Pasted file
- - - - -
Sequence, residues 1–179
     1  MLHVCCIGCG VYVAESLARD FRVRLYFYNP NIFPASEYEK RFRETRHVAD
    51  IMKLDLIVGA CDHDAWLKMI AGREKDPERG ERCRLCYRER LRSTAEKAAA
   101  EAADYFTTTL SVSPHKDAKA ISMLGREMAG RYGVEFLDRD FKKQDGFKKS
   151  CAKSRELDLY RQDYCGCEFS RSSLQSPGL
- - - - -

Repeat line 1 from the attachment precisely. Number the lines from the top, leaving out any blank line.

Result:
Sequence, residues 1–179